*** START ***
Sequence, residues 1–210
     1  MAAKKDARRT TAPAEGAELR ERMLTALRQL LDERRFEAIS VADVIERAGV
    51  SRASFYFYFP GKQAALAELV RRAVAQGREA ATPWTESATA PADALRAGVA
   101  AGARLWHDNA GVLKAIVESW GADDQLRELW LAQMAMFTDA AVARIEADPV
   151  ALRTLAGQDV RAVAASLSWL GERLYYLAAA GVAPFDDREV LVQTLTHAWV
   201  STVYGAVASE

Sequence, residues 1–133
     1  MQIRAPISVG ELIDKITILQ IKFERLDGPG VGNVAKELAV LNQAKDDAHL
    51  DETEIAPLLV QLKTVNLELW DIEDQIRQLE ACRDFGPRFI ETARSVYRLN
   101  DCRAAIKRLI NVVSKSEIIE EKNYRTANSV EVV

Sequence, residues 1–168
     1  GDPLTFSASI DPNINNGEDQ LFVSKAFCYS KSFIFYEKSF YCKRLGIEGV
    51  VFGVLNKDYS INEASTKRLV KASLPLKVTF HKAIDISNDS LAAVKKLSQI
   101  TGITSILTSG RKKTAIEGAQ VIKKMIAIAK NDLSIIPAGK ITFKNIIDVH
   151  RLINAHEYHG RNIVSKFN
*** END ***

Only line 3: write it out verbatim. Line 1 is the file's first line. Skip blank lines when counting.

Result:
    51  SRASFYFYFP GKQAALAELV RRAVAQGREA ATPWTESATA PADALRAGVA